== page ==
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Saturday, June 4, 2016

Muhammad Ali and the Supreme Court

Muhammad Ali, perhaps the greatest boxer ever, has died.  He was the central figure in a 1971 Supreme Court case, Clay v. United States. (His birth name was Cassius Clay, which he changed when he converted to Islam).  The syllabus:
Petitioner appealed his local draft board's rejection of his application for conscientious objector classification. The Justice Department, in response to the State Appeal Board's referral for an advisory recommendation, concluded, contrary to a hearing officer's recommendation, that petitioner's claim should be denied, and wrote that board that petitioner did not meet any of the three basic tests for conscientious objector status. The Appeal Board then denied petitioner's claim, but without stating its reasons. Petitioner refused to report for induction, for which he was thereafter tried and convicted. The Court of Appeals affirmed. In this Court, the Government has rightly conceded the invalidity of two of the grounds for denial of petitioner's claim given in its letter to the Appeal Board, but argues that there was factual support for the third ground.

Held: Since the Appeal Board gave no reason for the denial of a conscientious objector exemption to petitioner, and it is impossible to determine on which of the three grounds offered in the Justice Department's letter that board relied, petitioner's conviction must be reversed. Sicurella v. United States, 348 U. S. 385.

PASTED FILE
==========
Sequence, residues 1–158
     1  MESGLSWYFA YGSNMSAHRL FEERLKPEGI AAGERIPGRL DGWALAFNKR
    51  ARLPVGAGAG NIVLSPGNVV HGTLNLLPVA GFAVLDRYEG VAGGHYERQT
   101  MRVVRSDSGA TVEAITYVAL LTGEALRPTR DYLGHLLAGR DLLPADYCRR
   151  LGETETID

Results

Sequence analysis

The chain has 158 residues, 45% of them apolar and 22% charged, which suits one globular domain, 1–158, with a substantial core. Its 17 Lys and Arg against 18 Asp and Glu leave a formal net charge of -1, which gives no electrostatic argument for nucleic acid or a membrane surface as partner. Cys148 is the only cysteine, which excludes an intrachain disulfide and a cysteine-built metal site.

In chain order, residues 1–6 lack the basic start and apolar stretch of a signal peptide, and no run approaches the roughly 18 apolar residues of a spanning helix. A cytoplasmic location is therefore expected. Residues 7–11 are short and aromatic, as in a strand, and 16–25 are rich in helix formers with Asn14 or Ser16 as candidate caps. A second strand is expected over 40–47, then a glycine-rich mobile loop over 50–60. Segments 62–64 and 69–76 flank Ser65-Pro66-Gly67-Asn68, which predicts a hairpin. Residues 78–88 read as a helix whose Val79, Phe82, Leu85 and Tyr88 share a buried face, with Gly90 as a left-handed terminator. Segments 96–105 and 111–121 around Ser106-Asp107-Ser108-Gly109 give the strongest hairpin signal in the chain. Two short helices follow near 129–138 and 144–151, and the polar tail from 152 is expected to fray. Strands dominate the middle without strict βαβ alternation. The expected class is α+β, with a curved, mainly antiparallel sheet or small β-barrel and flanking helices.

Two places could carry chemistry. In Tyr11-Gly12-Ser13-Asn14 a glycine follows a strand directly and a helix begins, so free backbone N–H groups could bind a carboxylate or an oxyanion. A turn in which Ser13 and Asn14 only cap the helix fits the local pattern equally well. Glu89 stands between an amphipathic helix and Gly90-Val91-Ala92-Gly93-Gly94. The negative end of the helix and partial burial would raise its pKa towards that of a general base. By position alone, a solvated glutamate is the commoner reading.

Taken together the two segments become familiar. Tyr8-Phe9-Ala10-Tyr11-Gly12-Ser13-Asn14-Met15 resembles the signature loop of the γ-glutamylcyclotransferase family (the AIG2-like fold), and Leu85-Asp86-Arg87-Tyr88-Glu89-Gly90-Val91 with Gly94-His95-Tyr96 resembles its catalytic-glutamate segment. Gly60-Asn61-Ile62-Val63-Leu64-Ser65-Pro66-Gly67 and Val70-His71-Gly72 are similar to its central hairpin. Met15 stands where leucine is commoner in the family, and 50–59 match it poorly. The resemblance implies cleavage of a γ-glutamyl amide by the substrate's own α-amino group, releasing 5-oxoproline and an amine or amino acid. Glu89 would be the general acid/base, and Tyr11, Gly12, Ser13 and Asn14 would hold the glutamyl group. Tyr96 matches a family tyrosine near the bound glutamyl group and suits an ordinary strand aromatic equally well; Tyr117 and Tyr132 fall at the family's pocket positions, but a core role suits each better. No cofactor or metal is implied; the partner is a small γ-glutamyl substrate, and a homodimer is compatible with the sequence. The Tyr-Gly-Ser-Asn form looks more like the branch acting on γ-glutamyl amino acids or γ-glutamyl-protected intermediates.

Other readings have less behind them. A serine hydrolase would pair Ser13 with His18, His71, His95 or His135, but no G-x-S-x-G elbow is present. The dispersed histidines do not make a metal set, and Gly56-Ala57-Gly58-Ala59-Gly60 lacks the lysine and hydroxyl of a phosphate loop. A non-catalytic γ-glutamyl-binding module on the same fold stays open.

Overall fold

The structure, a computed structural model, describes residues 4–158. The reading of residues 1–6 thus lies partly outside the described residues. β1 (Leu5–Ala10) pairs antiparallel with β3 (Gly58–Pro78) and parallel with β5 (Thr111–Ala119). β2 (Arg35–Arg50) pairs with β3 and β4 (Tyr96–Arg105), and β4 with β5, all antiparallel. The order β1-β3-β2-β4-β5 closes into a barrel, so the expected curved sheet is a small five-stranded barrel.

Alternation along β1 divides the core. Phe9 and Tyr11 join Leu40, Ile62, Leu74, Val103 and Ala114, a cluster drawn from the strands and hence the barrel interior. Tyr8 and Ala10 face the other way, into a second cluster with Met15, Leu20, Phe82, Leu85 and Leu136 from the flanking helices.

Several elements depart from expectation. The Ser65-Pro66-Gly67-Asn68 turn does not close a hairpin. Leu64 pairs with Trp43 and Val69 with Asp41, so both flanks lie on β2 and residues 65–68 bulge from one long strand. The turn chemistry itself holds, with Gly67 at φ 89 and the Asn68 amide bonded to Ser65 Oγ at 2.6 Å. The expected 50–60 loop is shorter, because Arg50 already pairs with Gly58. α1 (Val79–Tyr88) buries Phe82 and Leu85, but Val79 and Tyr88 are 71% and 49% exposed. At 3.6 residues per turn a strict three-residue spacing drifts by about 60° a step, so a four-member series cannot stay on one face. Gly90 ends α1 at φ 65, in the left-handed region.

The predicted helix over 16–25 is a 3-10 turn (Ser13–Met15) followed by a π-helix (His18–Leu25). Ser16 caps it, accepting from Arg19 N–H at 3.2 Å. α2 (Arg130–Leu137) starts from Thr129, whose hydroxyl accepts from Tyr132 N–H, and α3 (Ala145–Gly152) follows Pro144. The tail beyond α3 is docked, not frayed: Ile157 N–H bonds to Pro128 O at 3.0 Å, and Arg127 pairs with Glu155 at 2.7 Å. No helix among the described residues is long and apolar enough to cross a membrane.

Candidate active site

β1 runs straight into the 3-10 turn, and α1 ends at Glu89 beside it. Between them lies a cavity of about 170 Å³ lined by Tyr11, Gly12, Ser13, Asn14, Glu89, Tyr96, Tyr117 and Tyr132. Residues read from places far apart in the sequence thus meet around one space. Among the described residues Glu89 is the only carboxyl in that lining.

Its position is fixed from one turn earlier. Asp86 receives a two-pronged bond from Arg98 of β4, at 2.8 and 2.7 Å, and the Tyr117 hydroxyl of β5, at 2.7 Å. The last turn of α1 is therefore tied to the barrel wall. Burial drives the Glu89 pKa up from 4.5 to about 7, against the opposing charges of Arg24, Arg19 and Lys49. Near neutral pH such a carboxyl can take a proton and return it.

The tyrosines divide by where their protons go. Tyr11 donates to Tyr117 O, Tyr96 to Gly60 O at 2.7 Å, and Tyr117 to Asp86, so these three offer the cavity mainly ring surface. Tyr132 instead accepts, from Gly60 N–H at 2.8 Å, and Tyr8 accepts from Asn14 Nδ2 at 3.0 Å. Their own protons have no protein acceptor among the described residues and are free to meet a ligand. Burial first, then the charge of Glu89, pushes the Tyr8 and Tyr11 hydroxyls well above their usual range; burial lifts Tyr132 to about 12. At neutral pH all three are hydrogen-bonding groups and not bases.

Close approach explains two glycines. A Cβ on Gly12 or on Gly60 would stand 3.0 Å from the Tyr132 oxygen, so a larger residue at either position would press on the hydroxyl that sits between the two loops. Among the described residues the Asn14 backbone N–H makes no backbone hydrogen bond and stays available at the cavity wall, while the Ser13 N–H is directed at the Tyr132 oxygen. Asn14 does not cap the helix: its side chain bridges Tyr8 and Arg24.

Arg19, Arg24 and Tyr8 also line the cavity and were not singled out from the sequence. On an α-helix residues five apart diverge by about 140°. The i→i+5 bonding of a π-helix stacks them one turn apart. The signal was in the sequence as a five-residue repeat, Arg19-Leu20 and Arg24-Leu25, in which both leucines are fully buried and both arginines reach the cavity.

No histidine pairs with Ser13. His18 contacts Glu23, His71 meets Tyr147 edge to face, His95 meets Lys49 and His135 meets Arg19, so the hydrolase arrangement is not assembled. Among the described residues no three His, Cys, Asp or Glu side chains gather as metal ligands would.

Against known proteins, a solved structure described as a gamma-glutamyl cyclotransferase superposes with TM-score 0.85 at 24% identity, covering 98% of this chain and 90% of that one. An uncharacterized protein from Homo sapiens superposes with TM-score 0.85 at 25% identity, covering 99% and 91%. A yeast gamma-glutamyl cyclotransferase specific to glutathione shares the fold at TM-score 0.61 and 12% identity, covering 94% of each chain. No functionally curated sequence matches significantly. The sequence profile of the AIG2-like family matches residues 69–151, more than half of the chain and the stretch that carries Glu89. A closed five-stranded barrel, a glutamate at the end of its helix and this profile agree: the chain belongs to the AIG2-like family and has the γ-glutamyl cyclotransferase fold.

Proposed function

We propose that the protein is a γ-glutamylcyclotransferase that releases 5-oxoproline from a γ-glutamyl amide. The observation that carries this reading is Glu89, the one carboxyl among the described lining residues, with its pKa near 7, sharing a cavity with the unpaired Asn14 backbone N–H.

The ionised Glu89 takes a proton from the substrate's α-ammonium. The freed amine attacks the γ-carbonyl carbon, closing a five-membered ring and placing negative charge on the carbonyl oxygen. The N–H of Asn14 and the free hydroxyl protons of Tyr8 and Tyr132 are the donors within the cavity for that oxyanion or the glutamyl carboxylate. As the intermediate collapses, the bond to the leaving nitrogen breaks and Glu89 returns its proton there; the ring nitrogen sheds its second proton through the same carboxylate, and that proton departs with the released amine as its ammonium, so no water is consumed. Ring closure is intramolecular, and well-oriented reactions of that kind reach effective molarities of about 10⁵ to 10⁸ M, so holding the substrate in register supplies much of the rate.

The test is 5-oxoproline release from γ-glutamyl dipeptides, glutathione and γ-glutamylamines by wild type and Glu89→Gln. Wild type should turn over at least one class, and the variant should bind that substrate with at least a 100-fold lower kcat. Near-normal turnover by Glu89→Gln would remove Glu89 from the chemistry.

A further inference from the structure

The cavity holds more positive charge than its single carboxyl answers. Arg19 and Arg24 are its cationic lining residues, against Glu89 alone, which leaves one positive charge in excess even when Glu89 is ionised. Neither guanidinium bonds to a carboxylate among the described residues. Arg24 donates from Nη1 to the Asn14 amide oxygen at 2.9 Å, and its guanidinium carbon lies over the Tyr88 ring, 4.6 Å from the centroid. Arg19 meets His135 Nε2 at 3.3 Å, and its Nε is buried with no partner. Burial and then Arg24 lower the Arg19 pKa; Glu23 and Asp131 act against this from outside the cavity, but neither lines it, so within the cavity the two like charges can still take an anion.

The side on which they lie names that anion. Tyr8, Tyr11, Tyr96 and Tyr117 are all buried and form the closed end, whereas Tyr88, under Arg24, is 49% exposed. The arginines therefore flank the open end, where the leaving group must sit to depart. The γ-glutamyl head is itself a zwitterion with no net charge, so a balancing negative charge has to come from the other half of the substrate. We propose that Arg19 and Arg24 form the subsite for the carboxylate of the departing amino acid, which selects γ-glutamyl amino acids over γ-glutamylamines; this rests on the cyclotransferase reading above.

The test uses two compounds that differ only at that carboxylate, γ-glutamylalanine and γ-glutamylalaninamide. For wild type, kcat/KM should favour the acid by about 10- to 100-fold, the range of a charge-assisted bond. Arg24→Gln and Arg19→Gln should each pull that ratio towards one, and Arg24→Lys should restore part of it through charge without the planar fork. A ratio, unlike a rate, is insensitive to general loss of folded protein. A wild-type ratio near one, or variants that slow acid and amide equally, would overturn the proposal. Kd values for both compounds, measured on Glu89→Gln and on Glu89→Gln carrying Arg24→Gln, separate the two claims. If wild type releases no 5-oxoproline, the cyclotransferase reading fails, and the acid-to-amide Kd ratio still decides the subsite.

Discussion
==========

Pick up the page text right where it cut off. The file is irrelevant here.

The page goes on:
At Yahoo several years ago, Scott Bomboy wrote:
In the book The Brethern: Inside The Supreme Court, Bob Woodward (of Watergate fame) and Scott Armstrong detailed how the eight justices hearing Ali’s case about his draft stratus changed the verdict after their initial conference. (Thurgood Marshall recused himself from the case due to his prior role as Solicitor General.)
Initially, Woodward and Armstrong said the Supreme Court justices ruled 5-3 against Ali during a conference.
Then the justice assigned to write the majority decision, John M. Harlan, changed his vote after a clerk gave him a book to read that made Ali’s religious convictions clear.

The book was reportedly The Autobiography Of Malcolm X, and Harlan realized Ali had deep-seated religious convictions that made him a true conscientious objector.

But that left the court divided at 4-4, and since Ali had lost his lower court appeal, he would lose the Supreme Court case. And the court’s rules would also leave Ali without an explanation for the court’s decision.


Woodward and Armstrong said it was Justice Potter Stewart who looked at the case and convinced the other justices that the lower courts never explained why they turned down Ali’s appeals.